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was a Christmas baby. She was born on Christmas Day. They

thought that was wonderful. Uncle Kees pointed at their own
baby and said, Wim will be one when youre seven.
That gave me a real shock! When I was almost six, Id had to
say I was going to be five on my next birthday, so now that I was
going to be seven, I should be saying I was nearly six. I thought I
was always going to have to fib and keep knocking a year off my
age or theyd make me wear a star.
Hey, whats wrong? asked Uncle Kees, who could see the
fear on my face.
You cant say that. You have to say Im nearly six.
If I say that Ill be seven on my next birthday, then Ill have
to wear a star.
You dont have to wear a star at all, said Uncle Kees. From
now on, your name is Rita Fonds. You live here with us. You are
our little Rita-pie and our little Rita-pie doesnt wear a star,
because no one in our house wears a star.
So now I was one of the Fonds family, and not one of the
stars. And then I thought: The stars have gone away. That made
me feel so good, even though I didnt know at the time what the
stars really meant.
But I still felt like there was something strange about me. I didnt
go to school, for example, but had private lessons. They said it
was because I hadnt learned anything yet and I had to catch up.
I learned how to read and write in no time. I was really eager to

learn, because I wanted to read my parents letters and I wanted

to write back. It wasnt because I was really missing them but

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Rita with her brother, Wim, 1944

more because I enjoyed writing. As far as I was concerned, my

parents were just snapshots. I had a photograph in my room: They
were my mother and father, and I wrote them letters. But it didnt
feel real at all. I never worried about how the letters actually
reached my parents. Even after Id caught up with my lessons, I
didnt ever go to school in Hengelo. Apparently it was too risky in
such a small community for a new girl suddenly to turn up at school.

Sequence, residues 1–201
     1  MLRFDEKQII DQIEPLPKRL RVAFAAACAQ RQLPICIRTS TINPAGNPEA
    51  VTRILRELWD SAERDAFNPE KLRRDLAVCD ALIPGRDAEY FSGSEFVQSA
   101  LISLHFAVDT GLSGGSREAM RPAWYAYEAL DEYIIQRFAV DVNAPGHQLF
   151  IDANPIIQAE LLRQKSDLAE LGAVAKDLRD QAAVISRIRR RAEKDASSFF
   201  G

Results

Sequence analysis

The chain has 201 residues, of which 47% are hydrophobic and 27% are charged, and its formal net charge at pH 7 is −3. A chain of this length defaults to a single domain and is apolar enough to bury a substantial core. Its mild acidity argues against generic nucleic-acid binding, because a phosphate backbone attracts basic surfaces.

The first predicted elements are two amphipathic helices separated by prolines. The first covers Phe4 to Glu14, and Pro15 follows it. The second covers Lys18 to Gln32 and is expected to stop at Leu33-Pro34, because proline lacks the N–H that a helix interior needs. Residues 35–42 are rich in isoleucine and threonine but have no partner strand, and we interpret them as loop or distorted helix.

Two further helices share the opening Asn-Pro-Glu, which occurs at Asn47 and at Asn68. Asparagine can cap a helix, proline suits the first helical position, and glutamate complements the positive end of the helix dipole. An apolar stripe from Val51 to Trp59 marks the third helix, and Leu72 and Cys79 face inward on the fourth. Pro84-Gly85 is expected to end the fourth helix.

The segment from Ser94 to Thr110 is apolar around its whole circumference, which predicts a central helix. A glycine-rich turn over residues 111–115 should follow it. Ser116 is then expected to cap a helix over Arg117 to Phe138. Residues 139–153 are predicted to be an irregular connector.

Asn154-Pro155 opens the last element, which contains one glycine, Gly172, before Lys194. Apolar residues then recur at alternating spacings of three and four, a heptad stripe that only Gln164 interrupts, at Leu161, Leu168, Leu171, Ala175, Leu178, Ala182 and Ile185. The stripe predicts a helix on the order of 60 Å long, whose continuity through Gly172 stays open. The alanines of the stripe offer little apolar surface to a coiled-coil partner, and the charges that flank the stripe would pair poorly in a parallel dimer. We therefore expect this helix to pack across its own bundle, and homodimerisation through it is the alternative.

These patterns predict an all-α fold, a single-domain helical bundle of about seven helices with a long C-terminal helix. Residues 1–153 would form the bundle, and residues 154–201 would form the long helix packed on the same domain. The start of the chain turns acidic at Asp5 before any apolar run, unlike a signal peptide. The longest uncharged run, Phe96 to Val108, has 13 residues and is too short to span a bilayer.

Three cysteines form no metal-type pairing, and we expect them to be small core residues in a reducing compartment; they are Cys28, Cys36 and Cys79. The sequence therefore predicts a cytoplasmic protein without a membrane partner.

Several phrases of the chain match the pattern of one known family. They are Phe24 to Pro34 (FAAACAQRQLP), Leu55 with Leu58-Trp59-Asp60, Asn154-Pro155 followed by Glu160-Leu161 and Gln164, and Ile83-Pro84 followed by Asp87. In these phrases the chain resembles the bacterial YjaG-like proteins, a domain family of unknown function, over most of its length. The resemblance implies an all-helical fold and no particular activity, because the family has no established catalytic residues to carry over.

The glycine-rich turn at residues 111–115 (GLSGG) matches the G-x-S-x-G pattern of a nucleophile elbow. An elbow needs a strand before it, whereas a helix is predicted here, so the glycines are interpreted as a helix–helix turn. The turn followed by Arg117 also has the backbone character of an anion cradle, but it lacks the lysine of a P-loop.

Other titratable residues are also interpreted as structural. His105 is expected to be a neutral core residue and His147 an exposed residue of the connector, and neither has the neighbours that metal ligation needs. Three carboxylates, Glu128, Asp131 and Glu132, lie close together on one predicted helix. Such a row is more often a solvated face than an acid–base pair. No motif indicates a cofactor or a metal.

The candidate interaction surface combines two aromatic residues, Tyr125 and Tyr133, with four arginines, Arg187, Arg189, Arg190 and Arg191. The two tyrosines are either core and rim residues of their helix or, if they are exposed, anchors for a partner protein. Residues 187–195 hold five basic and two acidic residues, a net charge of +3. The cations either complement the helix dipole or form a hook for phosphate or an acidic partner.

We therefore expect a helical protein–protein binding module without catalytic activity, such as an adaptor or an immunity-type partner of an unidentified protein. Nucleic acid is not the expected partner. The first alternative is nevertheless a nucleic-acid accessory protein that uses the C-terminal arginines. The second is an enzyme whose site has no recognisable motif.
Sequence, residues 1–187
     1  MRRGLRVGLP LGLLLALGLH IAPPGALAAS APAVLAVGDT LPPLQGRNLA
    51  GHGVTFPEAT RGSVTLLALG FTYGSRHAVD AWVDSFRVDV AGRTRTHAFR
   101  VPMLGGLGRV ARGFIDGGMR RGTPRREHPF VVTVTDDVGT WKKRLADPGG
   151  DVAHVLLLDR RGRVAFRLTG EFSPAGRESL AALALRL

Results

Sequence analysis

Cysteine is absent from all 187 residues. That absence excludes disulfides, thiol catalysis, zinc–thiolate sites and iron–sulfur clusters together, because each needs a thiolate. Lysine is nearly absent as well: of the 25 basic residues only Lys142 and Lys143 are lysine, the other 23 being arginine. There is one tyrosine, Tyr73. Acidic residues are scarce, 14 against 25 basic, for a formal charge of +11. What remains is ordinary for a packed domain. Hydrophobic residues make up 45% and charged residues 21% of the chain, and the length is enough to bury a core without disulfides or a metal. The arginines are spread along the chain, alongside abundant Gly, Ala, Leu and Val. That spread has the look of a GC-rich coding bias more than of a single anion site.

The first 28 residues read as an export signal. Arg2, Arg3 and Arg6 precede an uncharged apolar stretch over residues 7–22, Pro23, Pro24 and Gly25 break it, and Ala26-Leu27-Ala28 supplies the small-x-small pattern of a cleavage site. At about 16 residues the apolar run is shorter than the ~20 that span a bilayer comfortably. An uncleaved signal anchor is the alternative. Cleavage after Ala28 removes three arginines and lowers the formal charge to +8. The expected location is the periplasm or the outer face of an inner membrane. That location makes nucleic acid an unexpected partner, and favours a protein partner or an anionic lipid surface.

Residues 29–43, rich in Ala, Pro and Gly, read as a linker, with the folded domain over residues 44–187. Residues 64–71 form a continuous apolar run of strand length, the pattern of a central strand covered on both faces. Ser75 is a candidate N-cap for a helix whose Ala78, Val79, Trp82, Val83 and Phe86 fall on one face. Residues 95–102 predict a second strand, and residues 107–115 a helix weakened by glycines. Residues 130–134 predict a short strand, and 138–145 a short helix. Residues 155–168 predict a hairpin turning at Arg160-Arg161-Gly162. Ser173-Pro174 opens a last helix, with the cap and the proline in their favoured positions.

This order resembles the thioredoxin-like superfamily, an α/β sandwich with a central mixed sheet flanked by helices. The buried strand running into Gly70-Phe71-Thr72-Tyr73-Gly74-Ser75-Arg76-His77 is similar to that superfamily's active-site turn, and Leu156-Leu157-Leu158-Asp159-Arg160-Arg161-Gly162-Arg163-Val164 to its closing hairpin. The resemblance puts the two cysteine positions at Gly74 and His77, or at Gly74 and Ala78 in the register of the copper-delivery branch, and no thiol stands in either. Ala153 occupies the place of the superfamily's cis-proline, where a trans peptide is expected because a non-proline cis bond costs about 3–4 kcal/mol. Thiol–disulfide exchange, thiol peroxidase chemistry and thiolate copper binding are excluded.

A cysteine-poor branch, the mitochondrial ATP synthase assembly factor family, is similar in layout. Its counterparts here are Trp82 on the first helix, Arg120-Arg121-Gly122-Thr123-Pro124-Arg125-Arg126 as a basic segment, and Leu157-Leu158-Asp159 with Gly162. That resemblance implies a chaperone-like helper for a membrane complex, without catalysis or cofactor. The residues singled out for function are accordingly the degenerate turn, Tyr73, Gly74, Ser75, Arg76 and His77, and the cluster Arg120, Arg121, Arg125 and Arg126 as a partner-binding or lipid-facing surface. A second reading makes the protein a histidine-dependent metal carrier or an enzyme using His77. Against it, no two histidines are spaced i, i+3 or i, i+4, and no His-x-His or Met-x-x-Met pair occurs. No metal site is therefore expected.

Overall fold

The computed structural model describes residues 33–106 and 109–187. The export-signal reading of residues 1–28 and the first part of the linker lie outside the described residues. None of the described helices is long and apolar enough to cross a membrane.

There were a lot of factories in Hengelo, and the British
started bombing the city in 1943. They didnt want the Germans
to be able to use the buildings. So at night we Aunt Marie,
little Wim, and I often used to huddle together under the
stairs. Dont be frightened, I said to Aunt Marie. If we die,
the three of us will go together. Uncle Kees, who did all kinds of
work for the resistance, sometimes used to come and sit with us
under the stairs and occasionally there was another person who

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was in hiding, such as Aunt Maries youngest brother, Remmert,

whod been ordered to report for the Arbeitseinsatz.6 Whenever
the situation looked dangerous, Uncle Kees would pull up the rug
from under the dining table and open the trapdoor, and Remmert
would disappear beneath the floor. Then the rug went back and
little Wim was placed on top of it, with his building blocks. I
remember the Germans coming into the house on two occasions.
They were looking for people who had gone into hiding, but all
they found were two little blond children playing together.
At the beginning of 1944, the whole family was evacuated to
a house on Kwakersplein, a square in Amsterdam. It was just in
time a week after we left, a bomb fell on the house in Hengelo.
In Amsterdam I was able to go to school for the first time. I was
just part of the family. There were so many newly formed households that no one tried to work out exactly how all of the family
members were related. I attended that school for no more than six
months at most. I thought it was wonderful. Finally I was among
children my own age. But they were so much better than I was at
reciting times tables. Id never done it before.
It was in Amsterdam that I first came to understand what
could happen if you were Jewish. That came about because of
Danny, one of my classmates, a beautiful boy with dark eyes and
black curls. We walked to school together every day until, one
morning, I rang his bell and his mother came to the door with
puffy red eyes. She told me that Danny was staying with someone